The unusual industrial landscape of South Denes in Great Yarmouth has been the visual obsession of Katarzyna Coleman for the last fifteen years. Her studio, in an industrial building that she shares with fellow artist, John Kiki, lies just South of where the dwellings behind South Beach Parade dissolve into the strange and desolate peninsula that hangs between the Yare and the sea, docks still on its inner side and the new outer harbour, pretty inaccessible, on its outer side. This bleak landscape has gradually developed over time as the fortunes of Yarmouth have oscillated between stagnant downturns and the optimistic upturns of the fishing boom,…Read more
The unusual industrial landscape of South Denes in Great Yarmouth has been the visual obsession of Katarzyna Coleman for the last fifteen years. Her studio, in an industrial building that she shares with fellow artist, John Kiki, lies just South of where the dwellings behind South Beach Parade dissolve into the strange and desolate peninsula that hangs between the Yare and the sea, docks still on its inner side and the new outer harbour, pretty inaccessible, on its outer side. This bleak landscape has gradually developed over time as the fortunes of Yarmouth have oscillated between stagnant downturns and the optimistic upturns of the fishing boom, followed by North Sea oil and, more lately, renewable energy infrastructure. The insistent, stark, totemic verticals of the power station near the tip of the peninsula, the Britannia Monument off Fenner Road, the derelict gasometer and the ubiquitous modern lamp-posts fracture the horizontal arrays of scattered, geometric sheds, to create that stark geometric tapestry that forms her subject matter.
Katarzyna Coleman’s response to this geometry is intense, meditative and compelling. She works on a large scale, and usually on more than one work at a time. Some of these recent works form natural series, held together by a common theme such as the prominent power station marking the end of Admiralty Road or the sets of barriers, fences, gates and railings that define seemingly random no-go areas within the landscape. Some of her most compelling recent works have become triptychs. These works are built up, over time, from her carefully calibrated sketches drawn on the spot, often just round the corner from her studio, but sometimes from high-up window, cadged from friendly souls in nearby industrial buildings. The overall impression may initially seem monochrome, and in the past this was more strictly true. But the recent work uses carefully adjusted mixtures of acrylics, just Prussian Blue, Burnt Umber, and Titanium or Zinc White, to create a warm set of ‘grey’ planes that are then transected by verticals of charcoal or graphite. The complex texture of her reworked paint and the confident quickness of her charcoal are arresting components of these larger works.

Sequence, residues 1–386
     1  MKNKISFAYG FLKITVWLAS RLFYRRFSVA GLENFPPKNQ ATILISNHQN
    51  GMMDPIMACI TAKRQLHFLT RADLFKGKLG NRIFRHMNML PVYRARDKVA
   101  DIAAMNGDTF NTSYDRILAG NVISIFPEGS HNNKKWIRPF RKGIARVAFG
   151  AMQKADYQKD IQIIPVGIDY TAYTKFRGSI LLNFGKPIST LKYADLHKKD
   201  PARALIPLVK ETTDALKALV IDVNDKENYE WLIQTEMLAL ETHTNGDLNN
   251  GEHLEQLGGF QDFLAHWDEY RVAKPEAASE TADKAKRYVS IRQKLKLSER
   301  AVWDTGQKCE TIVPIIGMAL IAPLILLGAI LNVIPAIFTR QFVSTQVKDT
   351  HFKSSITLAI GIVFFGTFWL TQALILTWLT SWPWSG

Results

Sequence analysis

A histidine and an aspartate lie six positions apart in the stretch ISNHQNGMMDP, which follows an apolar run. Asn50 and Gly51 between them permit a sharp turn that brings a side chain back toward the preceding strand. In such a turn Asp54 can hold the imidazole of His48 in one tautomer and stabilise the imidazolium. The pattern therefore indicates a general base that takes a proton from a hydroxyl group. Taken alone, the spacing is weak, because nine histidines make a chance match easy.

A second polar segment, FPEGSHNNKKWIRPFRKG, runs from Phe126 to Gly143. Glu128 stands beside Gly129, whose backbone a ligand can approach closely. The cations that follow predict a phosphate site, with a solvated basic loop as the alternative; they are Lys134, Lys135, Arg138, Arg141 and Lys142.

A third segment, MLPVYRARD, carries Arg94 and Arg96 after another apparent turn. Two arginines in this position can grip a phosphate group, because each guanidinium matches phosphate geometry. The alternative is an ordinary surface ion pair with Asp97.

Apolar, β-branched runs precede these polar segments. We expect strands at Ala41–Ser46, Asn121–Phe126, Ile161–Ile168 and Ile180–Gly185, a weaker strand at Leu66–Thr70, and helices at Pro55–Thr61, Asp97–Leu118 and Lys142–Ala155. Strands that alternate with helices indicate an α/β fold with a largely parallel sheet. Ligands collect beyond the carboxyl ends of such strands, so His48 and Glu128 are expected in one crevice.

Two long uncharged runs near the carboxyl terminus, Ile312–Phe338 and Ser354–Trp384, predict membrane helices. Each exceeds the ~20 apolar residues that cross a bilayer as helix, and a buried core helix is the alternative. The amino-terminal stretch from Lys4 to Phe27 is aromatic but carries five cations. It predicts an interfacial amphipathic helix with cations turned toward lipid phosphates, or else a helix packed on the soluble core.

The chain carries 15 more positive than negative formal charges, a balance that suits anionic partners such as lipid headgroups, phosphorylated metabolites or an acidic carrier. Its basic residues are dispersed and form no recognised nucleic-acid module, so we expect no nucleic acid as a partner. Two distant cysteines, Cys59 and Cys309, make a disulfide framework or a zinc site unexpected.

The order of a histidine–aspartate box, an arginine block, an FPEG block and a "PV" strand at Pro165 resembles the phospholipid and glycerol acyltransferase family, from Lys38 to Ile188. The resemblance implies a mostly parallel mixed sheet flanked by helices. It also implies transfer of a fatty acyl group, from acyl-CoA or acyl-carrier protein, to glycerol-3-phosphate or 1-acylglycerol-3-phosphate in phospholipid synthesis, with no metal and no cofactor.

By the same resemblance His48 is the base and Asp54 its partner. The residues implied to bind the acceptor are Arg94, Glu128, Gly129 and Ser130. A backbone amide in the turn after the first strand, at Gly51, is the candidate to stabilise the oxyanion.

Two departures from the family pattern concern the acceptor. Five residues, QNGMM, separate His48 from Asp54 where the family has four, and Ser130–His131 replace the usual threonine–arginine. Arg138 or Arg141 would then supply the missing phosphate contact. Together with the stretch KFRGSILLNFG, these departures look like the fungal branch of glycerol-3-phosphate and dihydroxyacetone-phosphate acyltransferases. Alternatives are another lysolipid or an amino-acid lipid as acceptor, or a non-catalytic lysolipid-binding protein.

Katarzyna Coleman also works on a smaller scale, experimenting with etching, engraving and monoprint methods. None of these industrial landscapes, large or small, contains a single figure, car or boat. She is not unaware of their usual presence, but the formal geometries of the compositions seem to demand their absence. Her work, though, could never be described as merely abstract, a formal exercise in tone and pattern: far from it. These are hauntingly real places, with real names, meditations on a changing and unique cityscape, of workplace and dereliction, of enclosure and containment, of a complex and real three-dimensional landscape. These concentrated and harshly-lit, neoclassical canvases and prints have a real and disturbing sense of place. Coleman cites artists like Käthe Kollwitz and the American Richard Diebenkorn as influences, but frankly, she works her own very distinctive furrow. The strongest resonance for me is with Giorgio Morandi, who had his own familiars, his endless combinations of favourite pots and bottles that created the geometry he obsessively revisited in both paintings and prints. And I note a Morandi postcard on her wall. Formal composition for Coleman too is paramount, discovering just the right juxtapositions of shape, position and tone to complete the work. The sheds and chimneys, roads, streetlights and shadows of Coleman’s universe are equally totemic, and like Morandi’s bottles, they somehow seem to lose their sense of scale, becoming at one moment vast and at another almost domestic.
Katarzyna Coleman did her degree at Hornsea and her MA at Manchester. She has had numerous solo and group exhibitions and was notably represented in Reality: Modern and Contemporary British Painting, a major exhibition shown at the Sainsbury Centre for Visual Arts in 2014 and at the Walker Gallery, Liverpool in 2015.
KEITH ROBERTS July 2015
Monoprinting is the most painterly type of printmaking, made by brushing, rolling and painting with oil-based ink on a non-absorbent surface or plate.
This plate with the paper applied on top, is then run through the press at high pressure.
The monotype is a form of printmaking where the image can only be made once, unlike most printmaking which allows for multiple originals. Therefore, each monoprint is unique.
My process of monoprinting involves building up the image in thin layers and running through the press numerous times.
I use Shackell and Edwards ink on Somerset 300gsm paper.